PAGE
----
Roy Smith: Managing basis
This is the time of year when markets are historically very active. The seeds for the upcoming crop are just being planted, so there is a world of production risk still ahead.
This year, the production risk is starting sooner than normal because of the areas where there is too much moisture and other areas where it is too dry. Last year’s crop production is six months or more in the past and the trade is still trying to figure out if supplies will last until harvest.
These factors put more than the usual amount of interest in what direction prices might go this summer. There are a lot of factors other than just the flat price that can be watched to get a clue as to what happens in the coming months. My specialty, for many years, has been to watch the long term charts to see how prices act in a normal year, during the same time period. Once the calendar gets past May 10, odds favor prices dropping as production risk diminishes. This year can hardly be considered a normal year.
One of the things I watch, for clues on price direction, is basis. Basis follows a somewhat predictable pattern from one season to the next. I say “somewhat predictable” because the difference between the cash price and futures price reflects interest rates, storage costs, futures volatility and other factors. Grain merchandisers adjust their cash bids to take into account the probability of large basis swings that would affect their profitability.
Basis sometimes makes unusual moves. I noticed one of those instances this week. I run a copy of the bid sheet from my closest elevator every day. In general, the basis for both corn and soybeans is negative and gets wider as the futures price goes up. Again, this reflects basis risk in handling high-priced grain. This has been a frustrating condition for farmers trying to use the futures market for risk management.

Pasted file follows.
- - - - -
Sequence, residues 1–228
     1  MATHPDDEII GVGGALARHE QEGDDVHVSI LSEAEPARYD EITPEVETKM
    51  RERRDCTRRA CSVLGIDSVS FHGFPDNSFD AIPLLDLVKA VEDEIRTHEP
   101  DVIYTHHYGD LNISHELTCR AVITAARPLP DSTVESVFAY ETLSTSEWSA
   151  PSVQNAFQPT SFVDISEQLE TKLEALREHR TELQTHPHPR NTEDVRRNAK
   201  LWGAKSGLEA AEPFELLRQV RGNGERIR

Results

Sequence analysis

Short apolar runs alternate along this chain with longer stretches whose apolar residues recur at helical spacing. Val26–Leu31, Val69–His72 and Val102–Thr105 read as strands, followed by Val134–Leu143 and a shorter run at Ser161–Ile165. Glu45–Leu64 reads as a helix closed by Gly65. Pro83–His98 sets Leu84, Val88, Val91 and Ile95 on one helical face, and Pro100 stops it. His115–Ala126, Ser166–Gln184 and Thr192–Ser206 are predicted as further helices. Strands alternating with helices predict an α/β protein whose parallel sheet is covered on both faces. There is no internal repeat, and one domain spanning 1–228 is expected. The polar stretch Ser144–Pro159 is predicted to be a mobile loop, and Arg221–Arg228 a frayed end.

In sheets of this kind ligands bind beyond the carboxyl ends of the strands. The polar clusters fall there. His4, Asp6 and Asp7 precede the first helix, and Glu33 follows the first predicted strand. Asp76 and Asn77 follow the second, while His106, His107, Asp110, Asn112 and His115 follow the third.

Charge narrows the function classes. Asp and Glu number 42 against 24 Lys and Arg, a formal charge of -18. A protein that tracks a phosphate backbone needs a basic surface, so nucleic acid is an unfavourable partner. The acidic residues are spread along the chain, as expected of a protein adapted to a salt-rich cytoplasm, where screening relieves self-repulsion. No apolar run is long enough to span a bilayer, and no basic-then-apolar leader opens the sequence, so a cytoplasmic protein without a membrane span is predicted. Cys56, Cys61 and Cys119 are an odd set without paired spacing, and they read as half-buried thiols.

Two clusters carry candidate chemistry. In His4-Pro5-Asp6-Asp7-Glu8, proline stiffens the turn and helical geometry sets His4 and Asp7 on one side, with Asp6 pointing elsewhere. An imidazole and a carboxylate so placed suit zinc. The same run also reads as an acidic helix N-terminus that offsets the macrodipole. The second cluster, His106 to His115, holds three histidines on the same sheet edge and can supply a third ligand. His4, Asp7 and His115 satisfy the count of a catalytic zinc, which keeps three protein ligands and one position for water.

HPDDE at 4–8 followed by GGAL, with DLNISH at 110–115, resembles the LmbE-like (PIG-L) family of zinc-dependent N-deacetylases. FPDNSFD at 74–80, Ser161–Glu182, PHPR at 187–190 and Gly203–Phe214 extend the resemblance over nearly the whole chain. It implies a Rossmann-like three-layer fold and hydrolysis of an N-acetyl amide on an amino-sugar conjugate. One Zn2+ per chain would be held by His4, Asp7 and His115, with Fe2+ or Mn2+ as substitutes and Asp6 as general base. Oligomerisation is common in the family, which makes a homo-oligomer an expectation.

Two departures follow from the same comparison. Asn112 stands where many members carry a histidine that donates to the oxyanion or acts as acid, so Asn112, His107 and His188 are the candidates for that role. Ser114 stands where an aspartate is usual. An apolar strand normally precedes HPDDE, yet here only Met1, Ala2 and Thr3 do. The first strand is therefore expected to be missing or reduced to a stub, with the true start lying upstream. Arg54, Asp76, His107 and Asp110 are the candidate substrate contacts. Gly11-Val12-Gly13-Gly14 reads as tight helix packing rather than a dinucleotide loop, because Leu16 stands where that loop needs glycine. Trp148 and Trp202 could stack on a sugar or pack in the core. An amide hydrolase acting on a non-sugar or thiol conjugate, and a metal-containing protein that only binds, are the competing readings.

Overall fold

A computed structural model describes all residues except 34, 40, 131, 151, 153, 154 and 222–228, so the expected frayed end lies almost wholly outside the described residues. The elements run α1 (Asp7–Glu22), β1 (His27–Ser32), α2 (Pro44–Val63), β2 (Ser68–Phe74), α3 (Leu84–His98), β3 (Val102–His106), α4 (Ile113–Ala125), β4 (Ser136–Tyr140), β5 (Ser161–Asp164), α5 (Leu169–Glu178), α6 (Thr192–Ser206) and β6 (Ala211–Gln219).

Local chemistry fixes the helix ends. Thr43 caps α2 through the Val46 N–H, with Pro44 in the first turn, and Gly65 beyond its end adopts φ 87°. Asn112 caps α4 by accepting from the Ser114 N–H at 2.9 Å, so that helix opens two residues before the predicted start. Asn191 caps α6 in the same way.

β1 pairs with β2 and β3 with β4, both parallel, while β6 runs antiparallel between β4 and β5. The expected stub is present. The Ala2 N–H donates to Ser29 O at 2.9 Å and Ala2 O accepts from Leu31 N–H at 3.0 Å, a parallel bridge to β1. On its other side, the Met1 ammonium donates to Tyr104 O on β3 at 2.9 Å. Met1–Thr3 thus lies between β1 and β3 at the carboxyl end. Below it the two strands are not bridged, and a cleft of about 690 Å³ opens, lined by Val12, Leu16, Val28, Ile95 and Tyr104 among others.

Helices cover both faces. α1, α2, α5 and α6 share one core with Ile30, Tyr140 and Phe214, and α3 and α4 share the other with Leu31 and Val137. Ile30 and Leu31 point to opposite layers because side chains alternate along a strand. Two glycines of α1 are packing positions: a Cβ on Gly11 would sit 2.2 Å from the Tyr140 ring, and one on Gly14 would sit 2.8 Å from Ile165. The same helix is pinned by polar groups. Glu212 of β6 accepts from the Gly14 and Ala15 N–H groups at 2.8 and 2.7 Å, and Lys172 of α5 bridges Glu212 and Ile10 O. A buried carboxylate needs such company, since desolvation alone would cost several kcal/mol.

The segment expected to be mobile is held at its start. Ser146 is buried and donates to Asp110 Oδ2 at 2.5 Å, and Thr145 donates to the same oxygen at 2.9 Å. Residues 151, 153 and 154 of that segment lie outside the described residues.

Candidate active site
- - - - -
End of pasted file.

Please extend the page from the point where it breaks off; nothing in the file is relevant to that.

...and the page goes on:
Recently, there has been a major change in the local basis. The cash bid for soybeans the last day of April was 50 cents under July futures. Yesterday, the basis was 25 cents under July futures. A basis of 25 under nearby futures is the tightest in many years. It is even more unusual considering that it is happening four months before the beginning of the 2011 harvest. There is a lot of time before more soybeans are available from the current year’s harvest. It is going to take some interesting events for the trade to make a dwindling supply of soybeans stretch to fill the demand.
My take on this unusual situation is that there are very few soybeans still in farmers’ hands and that the processors will pay whatever is necessary to buy those few soybeans. The bid for new crop soybeans is still a dollar a bushel under November futures, so the buyers at this point are not as concerned about the future as they are the present.